Learning how to catch catfish isn’t very difficult, which is why channel cats are such great targets for anglers of any skill level. Soak a piece of shrimp, shad, hot dog, garden worm, chicken liver, or a ball of dough bait in any lake or river within their range, and—barring during the coldest months of the year—there’s a strong possibility a channel cat will find it. Although channel cats can grow upwards of 20 pounds, fish that size are not overly common and tend to exist with more frequency in niche bodies of water. One- to 10-pound channels, however, are extremely common, and they can be bested on whatever rod and reel you likely already have in the garage. They require no specialized gear. While larger ones will put up a heck of a fight, the best catfish rod is probably one you already have. Fighting a channel cat is nothing a medium-action rod and reel loaded with 8- or 10-pound test line can’t handle. 

Like blue cats, channels are just as comfortable in a swift, rocky river as they are rooting through the muddy bottom of a lake or reservoir. In river systems, they often congregate in eddies or areas with an abundance of large boulders, as they can post up behind them out of the current. In still water, they gravitate to deeper coves and bays with plenty of vegetation, as they are predatory and will also hunt down smaller fish living in the weeds.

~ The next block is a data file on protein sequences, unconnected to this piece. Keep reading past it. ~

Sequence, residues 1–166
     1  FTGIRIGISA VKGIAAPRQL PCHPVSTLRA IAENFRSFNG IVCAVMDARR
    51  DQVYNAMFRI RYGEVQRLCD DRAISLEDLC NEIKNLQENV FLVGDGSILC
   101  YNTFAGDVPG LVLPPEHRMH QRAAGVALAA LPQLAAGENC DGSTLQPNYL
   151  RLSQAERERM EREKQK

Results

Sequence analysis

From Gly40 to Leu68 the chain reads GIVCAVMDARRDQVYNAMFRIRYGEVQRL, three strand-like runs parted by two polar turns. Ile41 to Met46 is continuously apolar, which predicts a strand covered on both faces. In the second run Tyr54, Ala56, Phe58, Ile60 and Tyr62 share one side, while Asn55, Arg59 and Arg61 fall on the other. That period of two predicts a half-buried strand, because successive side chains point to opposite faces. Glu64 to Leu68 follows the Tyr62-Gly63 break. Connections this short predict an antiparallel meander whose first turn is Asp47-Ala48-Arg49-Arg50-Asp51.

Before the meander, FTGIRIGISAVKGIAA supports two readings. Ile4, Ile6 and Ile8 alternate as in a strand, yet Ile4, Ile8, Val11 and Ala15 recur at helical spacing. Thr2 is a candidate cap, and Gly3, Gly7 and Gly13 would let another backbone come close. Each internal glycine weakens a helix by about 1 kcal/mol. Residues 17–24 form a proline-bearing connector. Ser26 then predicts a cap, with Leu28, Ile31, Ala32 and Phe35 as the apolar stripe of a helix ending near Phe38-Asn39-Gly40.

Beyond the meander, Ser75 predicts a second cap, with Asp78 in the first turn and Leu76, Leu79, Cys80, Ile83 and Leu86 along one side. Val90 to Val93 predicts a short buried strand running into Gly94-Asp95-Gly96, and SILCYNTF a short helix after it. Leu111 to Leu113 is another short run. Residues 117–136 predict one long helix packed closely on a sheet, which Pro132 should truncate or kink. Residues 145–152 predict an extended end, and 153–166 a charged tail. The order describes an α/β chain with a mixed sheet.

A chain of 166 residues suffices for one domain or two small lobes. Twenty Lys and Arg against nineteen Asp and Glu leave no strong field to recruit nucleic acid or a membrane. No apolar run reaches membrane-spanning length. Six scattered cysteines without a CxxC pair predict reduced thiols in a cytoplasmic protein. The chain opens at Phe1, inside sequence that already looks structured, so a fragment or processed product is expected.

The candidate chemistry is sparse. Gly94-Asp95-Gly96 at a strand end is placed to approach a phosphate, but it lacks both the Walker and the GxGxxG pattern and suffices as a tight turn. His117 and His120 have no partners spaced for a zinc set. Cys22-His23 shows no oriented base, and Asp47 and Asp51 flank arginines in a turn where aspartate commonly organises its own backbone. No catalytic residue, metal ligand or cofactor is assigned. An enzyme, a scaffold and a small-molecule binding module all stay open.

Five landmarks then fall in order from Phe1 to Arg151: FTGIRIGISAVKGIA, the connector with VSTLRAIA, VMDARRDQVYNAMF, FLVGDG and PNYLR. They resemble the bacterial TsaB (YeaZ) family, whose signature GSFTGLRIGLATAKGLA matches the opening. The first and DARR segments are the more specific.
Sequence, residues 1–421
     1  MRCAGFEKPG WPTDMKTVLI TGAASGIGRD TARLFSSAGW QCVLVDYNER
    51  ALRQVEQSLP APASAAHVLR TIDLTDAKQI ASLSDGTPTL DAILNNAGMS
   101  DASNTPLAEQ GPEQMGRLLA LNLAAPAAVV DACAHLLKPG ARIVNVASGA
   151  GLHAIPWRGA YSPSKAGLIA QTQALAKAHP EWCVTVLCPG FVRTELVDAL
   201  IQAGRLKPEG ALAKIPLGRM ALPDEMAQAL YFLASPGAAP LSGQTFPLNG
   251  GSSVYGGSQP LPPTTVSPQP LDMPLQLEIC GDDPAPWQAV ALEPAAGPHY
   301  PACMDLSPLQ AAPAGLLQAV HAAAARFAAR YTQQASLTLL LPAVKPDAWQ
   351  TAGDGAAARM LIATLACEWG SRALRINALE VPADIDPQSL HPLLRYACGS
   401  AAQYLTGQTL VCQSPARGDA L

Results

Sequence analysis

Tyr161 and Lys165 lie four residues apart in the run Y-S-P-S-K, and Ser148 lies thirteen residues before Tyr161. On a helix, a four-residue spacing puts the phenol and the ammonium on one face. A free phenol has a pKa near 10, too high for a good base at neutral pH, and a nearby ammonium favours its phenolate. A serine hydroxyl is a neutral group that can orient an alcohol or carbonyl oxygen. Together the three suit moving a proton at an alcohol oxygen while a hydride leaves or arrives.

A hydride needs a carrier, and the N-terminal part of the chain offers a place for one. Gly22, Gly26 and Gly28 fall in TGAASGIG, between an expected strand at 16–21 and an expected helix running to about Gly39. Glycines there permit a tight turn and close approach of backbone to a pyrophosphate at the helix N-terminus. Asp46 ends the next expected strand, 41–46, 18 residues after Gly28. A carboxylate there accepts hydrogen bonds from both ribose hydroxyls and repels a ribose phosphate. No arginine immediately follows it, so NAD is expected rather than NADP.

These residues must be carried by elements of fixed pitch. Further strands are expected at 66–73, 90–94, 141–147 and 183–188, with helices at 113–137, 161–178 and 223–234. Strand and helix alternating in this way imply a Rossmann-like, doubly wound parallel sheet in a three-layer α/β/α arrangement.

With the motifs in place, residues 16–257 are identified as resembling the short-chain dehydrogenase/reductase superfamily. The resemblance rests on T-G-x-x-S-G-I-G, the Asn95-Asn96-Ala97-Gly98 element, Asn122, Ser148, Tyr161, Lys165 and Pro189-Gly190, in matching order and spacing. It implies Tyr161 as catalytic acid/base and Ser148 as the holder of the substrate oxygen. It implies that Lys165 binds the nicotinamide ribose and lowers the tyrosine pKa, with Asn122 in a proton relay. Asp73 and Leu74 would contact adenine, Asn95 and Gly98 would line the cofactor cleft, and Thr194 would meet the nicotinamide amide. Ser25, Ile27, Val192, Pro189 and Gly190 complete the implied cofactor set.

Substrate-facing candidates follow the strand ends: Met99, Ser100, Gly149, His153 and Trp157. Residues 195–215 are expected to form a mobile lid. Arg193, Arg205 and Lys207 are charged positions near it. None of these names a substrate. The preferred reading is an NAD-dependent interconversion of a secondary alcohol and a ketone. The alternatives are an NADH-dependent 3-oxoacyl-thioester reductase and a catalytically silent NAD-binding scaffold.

Blue Catfish

Blue catfish on a dock.
Blue cats go for all kinds of chunk bait. Joe Cermele

Blue Catfish Overview

World Record Blue Catfish: 143 pounds

Blue catfish are native to the Mississippi River drainage, as well as the Rio Grande River drainage. However, given that they’re such a popular sportfish, they’ve been implanted in several other areas of the country. Most notably the coastal river of Virginia and the Carolinas, as well as countless reservoirs throughout the U.S. In some cases, however, these stocking programs have proven to be more of a curse than a blessing. 

Particularly in the Mid-Atlantic, blue cats have proliferated far beyond the rivers in which they were originally introduced. In some waters, this has practically decimated native populations of white catfish and channel catfish, as the blues are bigger and more aggressive, pushing the smaller cats out of prime hunting, nesting, and wintering spots. Likewise, blue cats in the Chesapeake Bay Watershed are taking a toll on the blue crab population, making things tough for commercial crabbers. Still, despite their downsides in some regions, blue cats are a serious challenge on the end of a line.